Richard Alpfjord Wylde, SMHI
European Natural Hazard Scientific Partnership, also known as ARISTOTLE, is a project financed by the European Commission’s DG-ECHO that delivers world leading multi-hazard advice to the Emergency Response Coordination Centre (ERCC) in Brussels. The consortium is made up of 12 expert institutions within the hazard areas of severe weather, flooding, volcanoes, earthquakes and tsunamis. 24/7 expert advice is delivered by the consortium for events across the globe.
The operational component of the flooding hazard in the partnership is delivered by the Swedish Meteorological and Hydrological Institute (SMHI) and the European Centre for Medium Range Weather Forecasting (ECMWF). The current remit for flooding is within Europe only, and here the EFAS system is used. Later the service will provide global coverage – partially via the Global Flood Awareness System (GloFAS) – with assistance from Centro Internazionale in Monitoraggio Ambientale (CIMA) in Italy.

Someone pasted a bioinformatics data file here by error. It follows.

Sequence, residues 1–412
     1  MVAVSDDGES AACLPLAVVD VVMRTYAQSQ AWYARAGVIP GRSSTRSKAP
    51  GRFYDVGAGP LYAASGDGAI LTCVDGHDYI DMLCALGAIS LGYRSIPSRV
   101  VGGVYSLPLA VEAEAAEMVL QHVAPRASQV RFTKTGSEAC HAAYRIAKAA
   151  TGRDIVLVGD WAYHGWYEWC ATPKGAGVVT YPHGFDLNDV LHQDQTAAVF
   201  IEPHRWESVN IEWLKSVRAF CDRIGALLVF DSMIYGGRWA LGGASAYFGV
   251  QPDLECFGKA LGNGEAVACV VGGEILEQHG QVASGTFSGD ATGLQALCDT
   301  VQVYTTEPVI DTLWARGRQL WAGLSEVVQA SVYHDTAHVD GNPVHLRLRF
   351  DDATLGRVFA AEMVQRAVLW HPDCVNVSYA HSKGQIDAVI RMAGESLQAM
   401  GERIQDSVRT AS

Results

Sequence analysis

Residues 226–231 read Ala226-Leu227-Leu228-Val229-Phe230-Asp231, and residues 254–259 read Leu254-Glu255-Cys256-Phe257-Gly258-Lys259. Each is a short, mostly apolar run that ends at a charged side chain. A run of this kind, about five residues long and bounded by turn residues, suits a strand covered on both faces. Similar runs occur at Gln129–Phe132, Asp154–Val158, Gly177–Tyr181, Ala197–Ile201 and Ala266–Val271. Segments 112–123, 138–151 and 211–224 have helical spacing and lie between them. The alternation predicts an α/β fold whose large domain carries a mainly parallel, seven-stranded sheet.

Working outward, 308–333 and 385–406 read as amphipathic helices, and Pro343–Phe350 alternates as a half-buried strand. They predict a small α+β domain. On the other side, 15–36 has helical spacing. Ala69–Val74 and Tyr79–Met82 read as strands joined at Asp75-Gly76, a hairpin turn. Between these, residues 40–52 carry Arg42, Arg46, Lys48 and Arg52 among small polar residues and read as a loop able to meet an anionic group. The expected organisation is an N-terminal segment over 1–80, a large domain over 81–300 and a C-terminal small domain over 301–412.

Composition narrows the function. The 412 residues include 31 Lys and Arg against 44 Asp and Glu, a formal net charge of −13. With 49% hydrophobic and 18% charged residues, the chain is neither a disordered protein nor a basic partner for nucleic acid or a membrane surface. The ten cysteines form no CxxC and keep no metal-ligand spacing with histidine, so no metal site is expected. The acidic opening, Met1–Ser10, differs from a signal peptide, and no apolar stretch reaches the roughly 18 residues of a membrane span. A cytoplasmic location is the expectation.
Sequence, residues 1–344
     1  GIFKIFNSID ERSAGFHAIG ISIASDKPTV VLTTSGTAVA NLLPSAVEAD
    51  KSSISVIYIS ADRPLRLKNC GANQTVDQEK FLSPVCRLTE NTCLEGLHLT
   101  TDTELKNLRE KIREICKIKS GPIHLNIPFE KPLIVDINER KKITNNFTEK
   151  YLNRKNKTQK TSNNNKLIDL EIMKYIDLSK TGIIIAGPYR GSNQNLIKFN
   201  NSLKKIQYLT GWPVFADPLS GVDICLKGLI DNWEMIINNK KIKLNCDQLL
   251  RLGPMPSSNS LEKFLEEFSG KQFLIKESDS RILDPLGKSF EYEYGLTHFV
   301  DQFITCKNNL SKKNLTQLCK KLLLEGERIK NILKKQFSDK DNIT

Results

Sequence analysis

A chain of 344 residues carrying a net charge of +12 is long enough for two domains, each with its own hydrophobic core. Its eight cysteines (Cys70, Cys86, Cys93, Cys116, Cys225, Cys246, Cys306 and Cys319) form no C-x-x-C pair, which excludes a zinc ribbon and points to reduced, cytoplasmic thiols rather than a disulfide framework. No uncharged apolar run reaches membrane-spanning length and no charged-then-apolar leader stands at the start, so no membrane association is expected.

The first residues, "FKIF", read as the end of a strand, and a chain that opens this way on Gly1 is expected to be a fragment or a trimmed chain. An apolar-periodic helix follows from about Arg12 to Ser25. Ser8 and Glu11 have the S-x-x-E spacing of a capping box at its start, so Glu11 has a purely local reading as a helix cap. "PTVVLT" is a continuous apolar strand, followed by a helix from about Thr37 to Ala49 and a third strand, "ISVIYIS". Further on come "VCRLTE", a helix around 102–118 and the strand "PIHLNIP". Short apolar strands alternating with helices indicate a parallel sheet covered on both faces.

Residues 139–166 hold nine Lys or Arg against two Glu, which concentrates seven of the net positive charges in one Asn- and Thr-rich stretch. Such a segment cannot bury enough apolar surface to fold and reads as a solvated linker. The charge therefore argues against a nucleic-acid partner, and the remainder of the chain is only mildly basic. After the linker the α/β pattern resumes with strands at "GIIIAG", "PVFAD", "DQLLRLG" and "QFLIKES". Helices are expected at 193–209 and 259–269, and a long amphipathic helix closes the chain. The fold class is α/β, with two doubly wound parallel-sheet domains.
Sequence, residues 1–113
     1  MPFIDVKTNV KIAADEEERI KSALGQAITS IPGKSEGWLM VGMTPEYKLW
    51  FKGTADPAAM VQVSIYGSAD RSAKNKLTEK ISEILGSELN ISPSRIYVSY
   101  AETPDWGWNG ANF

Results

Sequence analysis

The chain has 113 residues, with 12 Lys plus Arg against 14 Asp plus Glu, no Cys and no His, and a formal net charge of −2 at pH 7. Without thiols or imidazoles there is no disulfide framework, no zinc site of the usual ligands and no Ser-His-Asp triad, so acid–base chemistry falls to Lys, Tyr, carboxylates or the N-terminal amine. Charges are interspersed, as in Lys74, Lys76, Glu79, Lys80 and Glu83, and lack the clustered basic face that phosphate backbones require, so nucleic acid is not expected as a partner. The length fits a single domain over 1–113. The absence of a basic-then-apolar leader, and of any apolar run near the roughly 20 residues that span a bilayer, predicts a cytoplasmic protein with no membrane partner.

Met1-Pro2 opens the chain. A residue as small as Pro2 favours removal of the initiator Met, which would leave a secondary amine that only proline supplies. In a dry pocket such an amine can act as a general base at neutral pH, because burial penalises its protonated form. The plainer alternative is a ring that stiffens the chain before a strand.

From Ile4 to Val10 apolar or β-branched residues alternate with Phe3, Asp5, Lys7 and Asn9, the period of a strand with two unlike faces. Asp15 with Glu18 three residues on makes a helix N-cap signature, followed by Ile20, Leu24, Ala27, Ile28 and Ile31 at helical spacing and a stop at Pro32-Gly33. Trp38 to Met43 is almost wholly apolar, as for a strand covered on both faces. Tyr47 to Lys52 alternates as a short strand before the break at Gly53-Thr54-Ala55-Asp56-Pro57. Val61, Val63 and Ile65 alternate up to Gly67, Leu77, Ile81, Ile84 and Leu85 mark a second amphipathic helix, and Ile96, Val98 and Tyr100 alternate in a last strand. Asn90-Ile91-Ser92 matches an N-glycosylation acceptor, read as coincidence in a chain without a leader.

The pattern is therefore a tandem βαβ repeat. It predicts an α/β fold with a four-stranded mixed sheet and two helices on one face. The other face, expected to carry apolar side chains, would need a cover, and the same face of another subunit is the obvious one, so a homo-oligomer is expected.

All reporting and decision making within ARISTOTLE is impact based. To do this, the Rapid Impact Assessment tool within EFAS is used to produce information about:
- Potentially flooded areas
- Affected urban areas (%) and population counts
- Critical infrastructure affected
- Potential monetary damages and comparison with historical data, from the European Environment Agency
The latest phase of the service began in October 2018 and has so far provided detailed assessment reports on Tropical Cyclone Usagi in Vietnam, tsunamis in New Caledonia and Indonesia, volcanic eruptions in Italy and Guatemala and severe weather and flooding in Lebanon, Italy and Bosnia Herzegovina.
Training sessions for the ERCC operational staff will be held during February 2019, building on previous training delivering during the previous pilot project (2016-2018).